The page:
2. You are required to declare *exactly one* activity and intent. After that, it's up to you how you stitch together your app's UI elements. The point of multiple Activitys is that they're a) modular, b) stackable, c) can be swapped during low memory events, and d) can have their state preserved by the platform upon exit. Personally, I prefer a low number of activities, then use other UI elements to add navigational depth.

3. New to software development, eh? Over the next 5-10 years, be prepared to learn new and discard old, that's the profession you've entered (recently, it seems.)

4. "Never quitting" is merely the default. It's up to you to detect navigational or logical termination of your app, and invoke the necessary methods to bring it to an end. The reason for this is that, hey! it's a phone, call might come in! and it's a multitasking O/S! Another app's Activity may suddenly be running on top of yours, and you may not want to exit just yet, hmm?

5. Finally, a real problem. Yes, there are apps that leave background processes running continuosly, disregarding the device's sleep state. These are from bad developers -- learn well from their mistakes. Also, you don't have to use those apps, just uninstall them, and also install Power Manager which will extend your battery life.

6. Watch the video "Writing Real-time Games for Android [google.com] ," wherein you will be introduced to some key concepts around embedded and real-time software development. First and foremost, STOP DOING THINGS THAT INVOKE THE GC! Cool it with excessive + string + concatenation and start using StringBuffer. And preallocate objects to that end as well. Et cetera.

7. Intense, dude. Having developed for Blackberry, all I can do is throw my head back and laugh, laugh hard. Android is a V12 Ferrari next to Blackberry's three-cylindar commuter tin can.

8. If you'd read Google's Android documentation, you'd realize this point was moot, thanks to the carefully spelled-out guidelines that will keep your app looking and behaving the same across various screen sizes. True that you'll have to *think* about how to handle an 8x10 format screen in your app, but that's no different than any windowed platform.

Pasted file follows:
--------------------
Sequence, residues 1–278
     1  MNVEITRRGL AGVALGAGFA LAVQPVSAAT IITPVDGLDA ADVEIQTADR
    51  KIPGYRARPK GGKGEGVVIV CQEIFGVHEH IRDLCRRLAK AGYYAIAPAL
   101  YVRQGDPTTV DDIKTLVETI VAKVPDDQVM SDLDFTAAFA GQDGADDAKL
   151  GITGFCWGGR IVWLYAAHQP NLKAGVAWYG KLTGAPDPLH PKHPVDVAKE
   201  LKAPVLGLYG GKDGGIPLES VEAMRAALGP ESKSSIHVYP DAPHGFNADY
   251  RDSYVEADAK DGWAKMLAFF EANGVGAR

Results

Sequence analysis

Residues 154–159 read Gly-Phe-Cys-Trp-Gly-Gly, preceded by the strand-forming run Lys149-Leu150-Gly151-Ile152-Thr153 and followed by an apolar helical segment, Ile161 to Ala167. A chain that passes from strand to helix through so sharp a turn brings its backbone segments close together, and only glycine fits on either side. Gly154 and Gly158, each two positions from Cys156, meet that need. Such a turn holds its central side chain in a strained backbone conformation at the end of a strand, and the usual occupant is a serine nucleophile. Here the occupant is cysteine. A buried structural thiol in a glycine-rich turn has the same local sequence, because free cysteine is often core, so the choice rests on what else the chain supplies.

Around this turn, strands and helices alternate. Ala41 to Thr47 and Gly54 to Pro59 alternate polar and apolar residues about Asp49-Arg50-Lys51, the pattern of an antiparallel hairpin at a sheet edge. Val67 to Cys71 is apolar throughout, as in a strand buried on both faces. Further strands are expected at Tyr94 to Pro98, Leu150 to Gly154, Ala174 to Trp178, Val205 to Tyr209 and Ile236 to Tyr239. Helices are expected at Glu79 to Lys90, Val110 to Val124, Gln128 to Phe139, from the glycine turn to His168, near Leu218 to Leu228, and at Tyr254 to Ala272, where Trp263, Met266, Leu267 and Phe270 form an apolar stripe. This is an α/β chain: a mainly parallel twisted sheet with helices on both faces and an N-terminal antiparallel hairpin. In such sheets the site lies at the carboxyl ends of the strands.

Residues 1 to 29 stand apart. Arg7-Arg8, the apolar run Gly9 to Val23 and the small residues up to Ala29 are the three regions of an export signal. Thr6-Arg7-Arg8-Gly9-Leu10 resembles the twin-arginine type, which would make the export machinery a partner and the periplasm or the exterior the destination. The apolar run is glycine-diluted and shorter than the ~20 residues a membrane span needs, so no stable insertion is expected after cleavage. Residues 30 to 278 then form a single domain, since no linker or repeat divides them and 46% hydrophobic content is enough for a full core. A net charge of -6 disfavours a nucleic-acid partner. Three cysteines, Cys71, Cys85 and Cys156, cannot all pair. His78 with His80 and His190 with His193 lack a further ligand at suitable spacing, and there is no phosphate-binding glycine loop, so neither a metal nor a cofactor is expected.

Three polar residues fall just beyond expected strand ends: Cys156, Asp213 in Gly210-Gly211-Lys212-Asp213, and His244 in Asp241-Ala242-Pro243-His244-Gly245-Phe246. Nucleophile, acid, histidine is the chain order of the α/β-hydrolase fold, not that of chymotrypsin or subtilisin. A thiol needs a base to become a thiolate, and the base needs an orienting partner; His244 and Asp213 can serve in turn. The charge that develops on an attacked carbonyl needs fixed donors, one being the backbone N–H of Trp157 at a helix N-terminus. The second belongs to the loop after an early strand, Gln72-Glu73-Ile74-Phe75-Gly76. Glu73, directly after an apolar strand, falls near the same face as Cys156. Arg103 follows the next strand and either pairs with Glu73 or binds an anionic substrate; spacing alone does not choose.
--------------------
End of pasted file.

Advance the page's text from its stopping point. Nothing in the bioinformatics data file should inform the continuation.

9. You start out whining about "platform fragmentation," then return to your point #1. Whatever. Platform fragmentation may, indeed, become a problem one day, but you haven't defined how that will happen, in your point.

10. If I'm not mistaken, Nexus One equals (or eclipses) the iPhone's raw computing power. 1 GHz, GPU, though low on RAM and flash comparatively. I'd rather have a platform with greater RAM, but the architecture of Android is such that it is *meant* to run on low-capability devices.

Apart from the author being a newbie, did we all misread it as not being a spoof??

(Potential) iPhone Developer's Top 1 Gripe (2, Interesting)

Comboman (895500) | more than 4 years ago | (#30736536)

1. SDK only available for Mac.

why Java? (2, Interesting)

ShenTheWise (1277986) | more than 4 years ago | (#30736540)

My single Android complaint: Why, oh why must it be Java based?

1) Sandboxing in Android actually happens at the Linux process level. Every app run its in own isolated process, with its own instance of the Java VM. You can remove the VM form the picture and it would be just as safe.
2) You cannot build once run everywhere. Its a myth. With J2ME phones, devs test and optimize for every supported handset, and it will be the same for Android.
3) Java *IS* an order of magnitude slower than C/ASM for many things that are important for games, such as matrix math. Google knows this and is trying to work around it with JNI/NDK, but really why the complication?

I guess its too late now, but it makes me very, very sad.
(And makes Apple very, very happy)

Re:why Java? (1)

iamapizza (1312801) | more than 4 years ago | (#30736752)